Franklin Graham: The Love That Conquers Racism

Franklin Graham: The Love That Conquers Racism

The tragic death of George Floyd in Minneapolis shocked and outraged our entire nation as well as other countries around the world. This was a repulsive act of evil that should have never happened. Racial discrimination of any kind is wrong, and police brutality must never be tolerated.

And George Floyd isn’t the only one to meet such a fate. It is heart-wrenching that many, many others have suffered similar injustices over decades. And, while we know that the vast majority of police officers are courageous and dedicated servants of their communities who were as horrified by the actions of Officer Derek Chauvin as we were, it is scandalous that so many people of color have to go through their day wondering whether they, or their children, are going to be next.

Racism has caused deep wounds in our nation. But regret is not enough. We must make corrections, we must improve, we must act to bring positive change.

The Bible is very clear that all people are created in God’s image (see Genesis 1:27). No skin color is more or less important to Him. The Bible teaches us to love others as we would love ourselves. We should treat others the way we want to be treated. And even more, we are to treat others as God has already treated us in Christ—with grace and mercy.

Jesus dealt with issues of racial discrimination when He told the parable of the Good Samaritan. He pointed out to his listeners that a man of an ethnicity they looked down on, even despised, was the hero, doing the right thing in helping a victim of violence and injustice. And Jesus told us, “You go, and do likewise” (Luke 10:37).

I personally remember segregation. As a young boy, I went to a segregated school. Restaurants were segregated, bathrooms were segregated. I didn’t understand it, and it bothered me, saddened me, even repulsed me. As a nation we have come a long way since then, but we have a long way to go.

Unfortunately, until Christ returns, we will continue to see acts of violence, prejudice and injustice because we live in a broken and fallen world that is under the evil influence of Satan. The Bible calls Satan “the prince of the power of the air, the spirit that is now at work in the sons of disobedience” (Ephesians 2:2). He wants to steal, kill and destroy, and all around us we see the horrific results of his activity.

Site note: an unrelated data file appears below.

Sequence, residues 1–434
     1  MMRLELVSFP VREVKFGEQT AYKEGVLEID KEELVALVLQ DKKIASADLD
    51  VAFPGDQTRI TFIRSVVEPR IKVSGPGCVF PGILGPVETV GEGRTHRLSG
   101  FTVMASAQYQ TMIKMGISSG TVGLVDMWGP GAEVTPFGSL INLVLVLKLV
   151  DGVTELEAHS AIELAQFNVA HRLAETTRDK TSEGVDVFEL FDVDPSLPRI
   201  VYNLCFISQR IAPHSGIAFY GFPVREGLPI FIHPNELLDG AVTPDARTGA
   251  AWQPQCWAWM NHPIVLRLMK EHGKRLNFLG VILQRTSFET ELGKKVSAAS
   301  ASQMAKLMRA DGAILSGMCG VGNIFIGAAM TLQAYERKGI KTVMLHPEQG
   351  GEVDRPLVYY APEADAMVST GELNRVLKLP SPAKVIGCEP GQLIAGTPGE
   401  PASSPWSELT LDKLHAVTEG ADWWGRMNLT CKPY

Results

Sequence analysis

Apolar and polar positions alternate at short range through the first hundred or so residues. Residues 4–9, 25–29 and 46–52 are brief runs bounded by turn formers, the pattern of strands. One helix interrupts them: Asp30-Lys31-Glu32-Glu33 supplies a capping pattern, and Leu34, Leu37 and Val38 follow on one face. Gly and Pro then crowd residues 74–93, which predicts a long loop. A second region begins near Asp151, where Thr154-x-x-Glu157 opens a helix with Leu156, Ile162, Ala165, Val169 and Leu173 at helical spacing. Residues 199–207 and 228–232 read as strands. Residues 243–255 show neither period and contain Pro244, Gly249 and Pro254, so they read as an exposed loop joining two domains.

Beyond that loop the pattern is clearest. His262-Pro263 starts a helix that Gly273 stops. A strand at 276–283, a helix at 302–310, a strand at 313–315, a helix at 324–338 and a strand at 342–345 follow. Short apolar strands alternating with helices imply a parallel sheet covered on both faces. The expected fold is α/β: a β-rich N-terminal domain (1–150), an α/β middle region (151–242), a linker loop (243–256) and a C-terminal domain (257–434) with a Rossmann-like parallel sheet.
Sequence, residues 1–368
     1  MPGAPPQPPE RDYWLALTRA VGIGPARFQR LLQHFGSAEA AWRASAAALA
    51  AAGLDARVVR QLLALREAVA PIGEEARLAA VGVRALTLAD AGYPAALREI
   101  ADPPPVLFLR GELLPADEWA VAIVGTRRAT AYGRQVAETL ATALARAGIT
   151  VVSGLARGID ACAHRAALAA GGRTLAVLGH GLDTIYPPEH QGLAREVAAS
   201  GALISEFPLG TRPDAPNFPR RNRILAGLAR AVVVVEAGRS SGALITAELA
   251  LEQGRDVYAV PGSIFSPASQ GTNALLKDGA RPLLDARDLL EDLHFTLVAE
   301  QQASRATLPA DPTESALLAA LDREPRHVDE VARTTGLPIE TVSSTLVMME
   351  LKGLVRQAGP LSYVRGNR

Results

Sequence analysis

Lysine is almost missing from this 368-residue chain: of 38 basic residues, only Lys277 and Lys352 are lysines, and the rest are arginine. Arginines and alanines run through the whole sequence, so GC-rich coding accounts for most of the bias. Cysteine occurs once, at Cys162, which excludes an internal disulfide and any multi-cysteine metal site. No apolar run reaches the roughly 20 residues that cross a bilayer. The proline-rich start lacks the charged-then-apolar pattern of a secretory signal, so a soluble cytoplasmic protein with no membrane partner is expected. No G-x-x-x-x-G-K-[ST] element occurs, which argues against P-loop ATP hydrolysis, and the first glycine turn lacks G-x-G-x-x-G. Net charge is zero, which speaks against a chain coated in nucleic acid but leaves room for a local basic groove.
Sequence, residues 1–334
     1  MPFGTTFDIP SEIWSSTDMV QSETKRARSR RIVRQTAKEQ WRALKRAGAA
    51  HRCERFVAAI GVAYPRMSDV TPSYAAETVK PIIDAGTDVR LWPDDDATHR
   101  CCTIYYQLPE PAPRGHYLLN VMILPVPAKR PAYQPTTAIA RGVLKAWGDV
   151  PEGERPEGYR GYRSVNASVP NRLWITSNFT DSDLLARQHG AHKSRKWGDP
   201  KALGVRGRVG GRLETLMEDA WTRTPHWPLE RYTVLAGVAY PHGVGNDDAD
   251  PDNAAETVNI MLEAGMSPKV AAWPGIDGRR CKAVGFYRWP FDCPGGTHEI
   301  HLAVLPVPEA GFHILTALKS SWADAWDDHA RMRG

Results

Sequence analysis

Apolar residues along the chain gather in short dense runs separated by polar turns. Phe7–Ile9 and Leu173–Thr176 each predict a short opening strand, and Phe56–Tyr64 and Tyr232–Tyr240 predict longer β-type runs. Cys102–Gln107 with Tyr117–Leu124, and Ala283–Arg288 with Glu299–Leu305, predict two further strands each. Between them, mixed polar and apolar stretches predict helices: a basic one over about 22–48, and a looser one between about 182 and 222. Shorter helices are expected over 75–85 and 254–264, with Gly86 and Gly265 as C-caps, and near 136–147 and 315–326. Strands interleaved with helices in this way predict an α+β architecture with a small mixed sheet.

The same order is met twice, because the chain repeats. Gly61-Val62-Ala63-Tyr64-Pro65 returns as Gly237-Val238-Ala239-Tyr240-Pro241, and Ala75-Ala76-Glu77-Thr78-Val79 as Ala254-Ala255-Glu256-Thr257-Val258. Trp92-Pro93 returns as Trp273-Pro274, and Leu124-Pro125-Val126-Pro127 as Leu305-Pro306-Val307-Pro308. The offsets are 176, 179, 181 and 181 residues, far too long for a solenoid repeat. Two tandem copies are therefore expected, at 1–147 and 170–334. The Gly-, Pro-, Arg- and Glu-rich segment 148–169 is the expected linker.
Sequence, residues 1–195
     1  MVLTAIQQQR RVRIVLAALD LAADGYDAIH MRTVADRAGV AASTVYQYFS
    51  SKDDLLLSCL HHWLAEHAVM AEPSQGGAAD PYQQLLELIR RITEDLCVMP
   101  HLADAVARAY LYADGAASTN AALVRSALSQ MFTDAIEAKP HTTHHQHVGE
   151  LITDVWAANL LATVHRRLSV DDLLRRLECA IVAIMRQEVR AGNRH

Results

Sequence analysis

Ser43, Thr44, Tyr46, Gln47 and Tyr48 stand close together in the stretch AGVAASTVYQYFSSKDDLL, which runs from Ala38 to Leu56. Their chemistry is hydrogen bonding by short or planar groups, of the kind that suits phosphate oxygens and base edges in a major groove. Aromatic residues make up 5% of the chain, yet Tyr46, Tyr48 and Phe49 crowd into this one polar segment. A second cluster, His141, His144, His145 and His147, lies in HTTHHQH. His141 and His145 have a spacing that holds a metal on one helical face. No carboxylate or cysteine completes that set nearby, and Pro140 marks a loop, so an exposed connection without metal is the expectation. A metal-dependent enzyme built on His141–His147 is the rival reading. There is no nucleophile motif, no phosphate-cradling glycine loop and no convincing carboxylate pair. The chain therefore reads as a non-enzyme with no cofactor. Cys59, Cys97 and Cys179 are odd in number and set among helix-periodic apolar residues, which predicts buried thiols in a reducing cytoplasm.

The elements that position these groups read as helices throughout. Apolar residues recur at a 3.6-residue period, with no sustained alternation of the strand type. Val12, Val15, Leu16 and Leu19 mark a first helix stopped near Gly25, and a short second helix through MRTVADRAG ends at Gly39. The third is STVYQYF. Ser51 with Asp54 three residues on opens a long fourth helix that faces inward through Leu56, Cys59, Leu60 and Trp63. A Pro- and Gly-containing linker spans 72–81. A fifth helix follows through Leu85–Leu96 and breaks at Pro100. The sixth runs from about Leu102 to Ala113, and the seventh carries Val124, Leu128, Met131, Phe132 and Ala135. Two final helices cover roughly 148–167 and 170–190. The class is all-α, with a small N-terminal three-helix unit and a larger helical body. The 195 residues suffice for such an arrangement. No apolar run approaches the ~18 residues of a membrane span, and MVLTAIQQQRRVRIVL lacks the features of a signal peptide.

But there is an answer: The love of God that comes through Jesus Christ. Throughout the ages, Christ’s followers have experienced the wonder of Christian love and fellowship that obliterates hostility, whether it’s between individuals or between races. The Apostle Paul explained it this way: “For in Christ Jesus you are all sons of God, through faith. … There is neither Jew nor Greek, there is neither slave nor free, there is no male and female, for you are all one in Christ Jesus” (Galatians 3:26, 28).

Our job as followers of Christ is to make our Savior’s Name known. We are to tell a hurting world that Jesus shed His blood and died for our sins. He was despised and rejected by men. He was falsely accused and beaten beyond recognition. The Bible tells us, “by His stripes we are healed” (Isaiah 53:5, NKJV). He took the punishment for sin that we deserve, and if we will turn away from sin and put our trust in Him, He will forgive us, save us and fill us with the love that conquers racism and hatred.

Jesus has called us to go into the world and make disciples of all nations. This is what all of us as Christians should be doing, and it is what we are going to continue doing at the Billy Graham Evangelistic Association—calling people to be reconciled to God through faith in His Son, Jesus Christ.

In proclaiming the message of reconciliation, we must remember that prayer is our most powerful weapon. We need to pray for peace, because “the anger of man does not produce the righteousness of God” (James 1:20). Pray also for perspective, because “the wisdom from above is first pure, then peaceable, gentle, open to reason, full of mercy and good fruits, impartial and sincere” (James 3:17). Pray for patience, because of God’s “kindness and forbearance and patience” toward us all (Romans 2:4).

And the Bible commands us to pray for our leaders. They need our prayers especially now, as our nation faces not only the effects of longstanding racism but also the global COVID-19 pandemic that has killed hundreds of thousands and put millions out of work.

Paul instructed Timothy: “First of all, then, I urge that supplications, prayers, intercessions, and thanksgivings be made for all people, for kings and all who are in high positions, that we may lead a peaceful and quiet life, godly and dignified in every way. This is good, and it is pleasing in the sight of God our Savior, who desires all people to be saved and to come to the knowledge of the truth” (1 Timothy 2:1-4).

When we pray like this, we’re not just praying for a trouble-free world. We are praying for a world where truth will prevail and many will come to Christ in repentance and faith—a world transformed by the relentless love of the Lord Jesus Christ.

Unless otherwise noted, Scripture quotations are taken from The Holy Bible, English Standard Version. The Scripture quotation marked NKJV is taken from the Holy Bible, New King James Version.

 

Above: Crisis-trained chaplains with the Billy Graham Rapid Response Team minister in Minneapolis at the spot where George Floyd was killed while in police custody.

Photo: Todd Sumlin/©2020 BGEA

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